I know that this is just the world that we live in and that celebrities behaving in this manner is commonplace and expected. But I think this is part of the problem. We have become so desensitized to things like this, that we don’t even react anymore. This apathy and complacency comes at a cost. The price is toddlers and preschoolers mastering provocative dance moves and flirtatious behavior. Teenage girls are so oblivious to what’s inappropriate that they enter the house of GOD and even serve in the ministry in mini-skirts, see-through blouses, halter dresses, and crop tops. If you don’t make a conscious effort to dress modestly, you will end up looking like you are ready to go clubbing or slide down a stripper pole if you just wear clothes right off the rack. Mature women that are my age and older see things like this and know its wrong, but rather than making an effort to correct and instruct them we shake our heads in disapproval and gossip about them amongst ourselves.
I got a little more worked up about this than I planned so let me get turn my calm, rational voice back on. Raising kids in a society saturated with inappropriate sexual content is hard. We cannot and should not attempt to shelter our kids from absolutely everything but we are charged to steward them through life and to help them develop a moral compass. Entertainment, celebrities, the internet, peers, and public schools are poor substitutes for parenting. But when we aren’t intentional and mindful of the content our children are taking in, then whatever values you are trying to instill in them will be constantly and effectively undermined. A guy dressed in a pink skirt, a mid-drift tank top, and a hot pink wig came up to me and asked for money while I was with my four-year-old in uptown Charlotte. I wasn’t thrilled about it but there is no unseeing something like that. One of the features of being on the spectrum is difficulty understanding pronouns. I was equally as dumbfounded as she was. But it was a teaching moment whether I was prepared for it or not. I let her ask me the same questions repeatedly and tried out different ways of explaining it to her. Yes, honey that man is dressed like a woman. No, I do not know why he is doing that. I think he may be confused and not have a home and not know Jesus. We should ask GOD to help him.
Somewhere between attempts at mind control and being completely hands-off is the right approach to raising children in a world designed to rob them of their youthful innocence by corrupting their very impressionable minds. I don’t allow my daughter to wear bikinis. I make sure she wears bike shorts under her dresses/skirts and mainly buy her Bermuda cut shorts. My husband and I fully intend to meet our kids at their level of maturity as sensitive topics arise. We don’t intend to send them mixed messaging regarding sexual conduct (i.e. encouraging our son to ‘sow his royal oats’ while placing a figurative chastity belt on our daughter until she is 30). None of what I have just said is meant to be taken as a rule. I could execute every one of these things perfectly and still end up with adult children who are wayward, promiscuous, and living like heathens. I can’t control their outcomes, but it won’t stop me from trying to lead them in the right direction.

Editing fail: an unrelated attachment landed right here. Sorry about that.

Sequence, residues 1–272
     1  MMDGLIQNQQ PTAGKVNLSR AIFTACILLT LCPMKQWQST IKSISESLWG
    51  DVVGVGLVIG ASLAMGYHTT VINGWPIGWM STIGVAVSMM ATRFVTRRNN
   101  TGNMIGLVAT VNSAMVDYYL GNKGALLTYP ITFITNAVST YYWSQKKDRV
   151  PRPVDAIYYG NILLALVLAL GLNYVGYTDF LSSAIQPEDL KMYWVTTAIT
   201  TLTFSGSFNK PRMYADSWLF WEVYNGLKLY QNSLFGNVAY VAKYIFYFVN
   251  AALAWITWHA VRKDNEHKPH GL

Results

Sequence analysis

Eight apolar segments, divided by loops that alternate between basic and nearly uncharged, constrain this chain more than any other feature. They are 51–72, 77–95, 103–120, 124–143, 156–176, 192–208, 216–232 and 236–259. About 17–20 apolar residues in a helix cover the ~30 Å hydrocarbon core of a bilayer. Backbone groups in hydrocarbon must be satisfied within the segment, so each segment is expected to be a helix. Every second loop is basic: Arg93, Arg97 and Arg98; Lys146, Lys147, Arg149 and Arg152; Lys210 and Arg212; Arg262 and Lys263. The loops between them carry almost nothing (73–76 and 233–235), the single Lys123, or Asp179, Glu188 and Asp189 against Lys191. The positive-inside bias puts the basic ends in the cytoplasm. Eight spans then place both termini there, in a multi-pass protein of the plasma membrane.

Back to Ariel. As far as Disney princesses go, she isn’t my favorite. Tiana may not be the most popular but she is a smart, hard-working, independent, sassy woman who learns that ambition and dreams aren’t the most important things in life. I'm here for that! I’m not about to encourage Ellie to emulate a whiny teenager who abandons her family for a good-looking stranger. It’s bad enough that we sometimes can’t get her to wear pants because Skye from Paw Patrol doesn’t wear pants (you know, because she’s a dog). The last thing I need is for Ellie to start parading around in one of my bras and her mermaid tail swim coverup determined to show herself in public. I can’t blame this one on the Bailey sisters (I pray shalom over your lives and legacies, Halle & Chloe. Truly.)
As things get weirder and wackier on this planet, I think that more in-depth and transparent dialogue surrounding such things needs to happen. Christian (and even non-Christian) parents who are seeking to raise wise, balanced, and well-adjusted kids should be prepared to wade through this stuff with their kids and find the solid ground on the other side. I’m very curious about how you parents out there feel about this casting choice and the movie as well. Leave me some comments or send me a message about it. Thanks for reading. Stay Thoughtful.